By Arthur Muliro Wapakala, Deputy Managing Director, Society for International Development
The past few years have seen the economies of the East African Community (EAC) Member States grow by leaps and bounds, with the region averaging some 6 percent annual GDP growth since 2011. These growth rates have been heralded as the proof that the region has finally made a structural shift in its economies, and this is now held out as a harbinger of greater things to come. Furthermore, the potential emerging from the recent hydrocarbon discoveries and the extractive industries in general as well as the long-awaited renewal of dilapidated rail, road and port infrastructure has also served to boost optimism. Indeed, the ‘mix’ of the region’s economies suggests that there is a deeper and perhaps subtler set of changes taking place.
But this economic expansion has been accompanied by a growth in inequality in virtually all countries of the EAC. Put bluntly, not all citizens of East Africa have seen or felt the benefits of these stellar GDP growth figures. If anything, for a growing number of them, life has become a much harsher and unpleasant enterprise. The economic boom has not generated the jobs it was expected to generate and there is a growing frustration, perhaps a realization that these jobs will never materialize. For all the progress made in recent years, the levels of poverty, hunger and malnutrition in the region are still staggeringly high and serve to underline the adage, ‘You cannot eat GDP’.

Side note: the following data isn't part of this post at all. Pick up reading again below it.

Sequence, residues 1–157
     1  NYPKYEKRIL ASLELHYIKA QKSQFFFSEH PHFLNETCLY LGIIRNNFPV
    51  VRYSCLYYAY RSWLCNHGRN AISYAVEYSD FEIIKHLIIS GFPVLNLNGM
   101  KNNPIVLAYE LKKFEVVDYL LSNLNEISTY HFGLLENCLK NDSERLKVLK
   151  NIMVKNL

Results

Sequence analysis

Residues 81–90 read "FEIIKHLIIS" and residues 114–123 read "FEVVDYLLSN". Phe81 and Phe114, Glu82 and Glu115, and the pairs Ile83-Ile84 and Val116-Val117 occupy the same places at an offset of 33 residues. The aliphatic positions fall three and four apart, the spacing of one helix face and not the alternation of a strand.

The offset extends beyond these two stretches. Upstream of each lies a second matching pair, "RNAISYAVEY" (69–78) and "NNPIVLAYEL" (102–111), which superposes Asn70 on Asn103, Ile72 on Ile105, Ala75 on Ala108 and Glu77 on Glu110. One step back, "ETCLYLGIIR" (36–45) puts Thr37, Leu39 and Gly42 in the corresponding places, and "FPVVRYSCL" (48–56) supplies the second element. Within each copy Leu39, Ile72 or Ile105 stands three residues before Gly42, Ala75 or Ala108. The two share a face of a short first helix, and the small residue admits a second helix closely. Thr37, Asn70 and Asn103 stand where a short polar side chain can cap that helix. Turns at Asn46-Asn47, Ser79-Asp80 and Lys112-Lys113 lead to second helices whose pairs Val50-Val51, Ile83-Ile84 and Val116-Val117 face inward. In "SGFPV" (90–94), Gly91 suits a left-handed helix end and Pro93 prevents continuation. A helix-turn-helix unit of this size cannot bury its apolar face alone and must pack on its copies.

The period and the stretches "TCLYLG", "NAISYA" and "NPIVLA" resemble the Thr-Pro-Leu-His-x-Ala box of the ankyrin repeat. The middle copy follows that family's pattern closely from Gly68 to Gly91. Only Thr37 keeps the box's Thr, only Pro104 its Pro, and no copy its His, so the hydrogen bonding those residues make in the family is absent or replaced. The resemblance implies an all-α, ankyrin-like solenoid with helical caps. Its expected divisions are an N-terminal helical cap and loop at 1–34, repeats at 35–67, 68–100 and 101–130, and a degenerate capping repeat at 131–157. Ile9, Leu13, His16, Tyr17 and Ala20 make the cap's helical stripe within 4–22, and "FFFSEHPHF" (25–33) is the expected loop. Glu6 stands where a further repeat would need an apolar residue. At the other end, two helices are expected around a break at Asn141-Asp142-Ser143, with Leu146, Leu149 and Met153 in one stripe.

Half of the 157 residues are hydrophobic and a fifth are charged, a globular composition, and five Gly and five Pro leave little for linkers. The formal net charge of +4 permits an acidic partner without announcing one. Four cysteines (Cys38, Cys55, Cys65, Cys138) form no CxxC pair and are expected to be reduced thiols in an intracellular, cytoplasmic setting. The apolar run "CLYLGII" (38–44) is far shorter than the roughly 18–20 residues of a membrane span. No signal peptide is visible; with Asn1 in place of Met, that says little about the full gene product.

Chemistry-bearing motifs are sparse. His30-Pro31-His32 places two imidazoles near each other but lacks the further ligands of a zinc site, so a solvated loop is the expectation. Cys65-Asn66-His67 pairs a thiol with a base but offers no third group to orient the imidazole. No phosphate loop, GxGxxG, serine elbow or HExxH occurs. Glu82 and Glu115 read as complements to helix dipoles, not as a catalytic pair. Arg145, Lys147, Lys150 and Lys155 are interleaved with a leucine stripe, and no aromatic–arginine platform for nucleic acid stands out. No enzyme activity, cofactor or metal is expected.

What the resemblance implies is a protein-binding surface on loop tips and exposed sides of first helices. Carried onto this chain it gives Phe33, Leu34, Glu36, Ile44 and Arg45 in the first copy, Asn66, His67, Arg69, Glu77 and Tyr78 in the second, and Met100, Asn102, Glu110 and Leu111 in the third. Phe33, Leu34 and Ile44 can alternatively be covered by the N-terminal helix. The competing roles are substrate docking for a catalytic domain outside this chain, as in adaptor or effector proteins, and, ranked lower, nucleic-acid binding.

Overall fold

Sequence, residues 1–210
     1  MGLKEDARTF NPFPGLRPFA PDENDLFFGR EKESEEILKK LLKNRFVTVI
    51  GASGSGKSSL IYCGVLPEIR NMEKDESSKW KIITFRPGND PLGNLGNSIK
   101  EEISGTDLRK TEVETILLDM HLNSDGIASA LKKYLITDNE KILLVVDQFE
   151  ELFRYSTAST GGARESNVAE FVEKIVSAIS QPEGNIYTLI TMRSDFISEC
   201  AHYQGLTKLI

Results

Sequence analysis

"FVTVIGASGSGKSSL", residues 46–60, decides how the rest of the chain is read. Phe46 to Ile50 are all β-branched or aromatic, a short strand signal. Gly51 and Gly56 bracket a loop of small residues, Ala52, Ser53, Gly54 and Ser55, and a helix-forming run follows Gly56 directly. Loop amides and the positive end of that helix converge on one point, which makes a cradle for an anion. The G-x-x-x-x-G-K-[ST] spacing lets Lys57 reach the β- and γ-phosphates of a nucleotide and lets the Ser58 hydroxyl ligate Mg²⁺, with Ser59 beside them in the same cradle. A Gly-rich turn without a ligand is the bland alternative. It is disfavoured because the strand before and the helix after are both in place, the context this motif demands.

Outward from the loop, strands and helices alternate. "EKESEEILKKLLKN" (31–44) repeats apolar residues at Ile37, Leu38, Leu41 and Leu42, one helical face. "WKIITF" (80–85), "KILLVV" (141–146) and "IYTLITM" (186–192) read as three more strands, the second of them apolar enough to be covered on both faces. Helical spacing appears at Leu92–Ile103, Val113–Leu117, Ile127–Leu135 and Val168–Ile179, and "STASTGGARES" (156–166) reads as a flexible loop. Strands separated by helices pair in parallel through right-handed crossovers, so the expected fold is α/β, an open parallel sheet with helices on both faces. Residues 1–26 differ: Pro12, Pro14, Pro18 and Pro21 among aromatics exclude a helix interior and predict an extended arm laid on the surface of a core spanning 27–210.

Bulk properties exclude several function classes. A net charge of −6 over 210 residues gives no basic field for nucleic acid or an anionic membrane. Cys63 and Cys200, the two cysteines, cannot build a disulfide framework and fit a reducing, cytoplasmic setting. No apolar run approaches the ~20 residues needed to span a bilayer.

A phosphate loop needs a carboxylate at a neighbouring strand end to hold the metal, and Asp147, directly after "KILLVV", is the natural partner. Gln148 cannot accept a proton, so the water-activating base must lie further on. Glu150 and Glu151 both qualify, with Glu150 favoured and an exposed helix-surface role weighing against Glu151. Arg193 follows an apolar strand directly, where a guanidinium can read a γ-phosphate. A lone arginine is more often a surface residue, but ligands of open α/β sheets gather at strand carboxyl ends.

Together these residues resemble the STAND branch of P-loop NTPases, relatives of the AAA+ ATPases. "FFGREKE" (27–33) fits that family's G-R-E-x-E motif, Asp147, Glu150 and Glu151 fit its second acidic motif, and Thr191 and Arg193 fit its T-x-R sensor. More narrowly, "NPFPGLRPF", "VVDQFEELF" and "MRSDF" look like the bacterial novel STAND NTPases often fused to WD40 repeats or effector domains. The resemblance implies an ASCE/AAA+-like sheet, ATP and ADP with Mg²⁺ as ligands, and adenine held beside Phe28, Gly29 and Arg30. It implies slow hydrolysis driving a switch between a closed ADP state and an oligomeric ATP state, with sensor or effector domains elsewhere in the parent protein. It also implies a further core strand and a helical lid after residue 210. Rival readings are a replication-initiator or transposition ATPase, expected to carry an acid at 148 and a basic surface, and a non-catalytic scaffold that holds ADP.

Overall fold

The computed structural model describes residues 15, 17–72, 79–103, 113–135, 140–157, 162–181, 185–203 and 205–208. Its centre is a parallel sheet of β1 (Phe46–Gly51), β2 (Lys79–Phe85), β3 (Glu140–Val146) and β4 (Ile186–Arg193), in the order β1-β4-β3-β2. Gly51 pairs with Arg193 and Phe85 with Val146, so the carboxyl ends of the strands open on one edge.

If any progress is to be made in closing the inequality gap in East Africa, it cannot be done without addressing the close linkages in the relationship between politics (domestic and regional) and inequality. In this regard, it is time to begin to ask hard questions of the leadership of the region. For instance: To what extent are the region’s political institutions linked to the persistence of poverty? What political factors affect the evolution of inequality and what are the effects of inequality on political choices and outcomes? Is there a relationship between the various ethnic or national identity formations present today and how public goods are provided?
What is clear is that in the absence of committed efforts to dismantle and recreate the institutions that distribute power and the networks that have emerged to extract benefits from them, it is unlikely that the inequalities seen to date will simply vanish. If anything, they will become more glaring and eventually possibly even overwhelm the societies hosting them. Thus, the imperative that the leadership of the region – at all levels – needs to be committed to is one of institutional transformation to ensure that they are less amenable to capture and that their benefits are widely distributed within the population.
The Society for International Development (SID) 2016 State of East Africa Report considered the political economy of inequalities in East Africa and what role the regionalization process could play in helping to narrow the present inequality gaps. [fn]Society for International Development (2016). [/fn] The conclusion of the authors was that everything was dependent on the choices that the leaders are willing to make; whether they are willing to take bold steps to reconfigure the institutional and power architecture to ensure that all citizens of the region benefit from integration as opposed to only a (small) segment.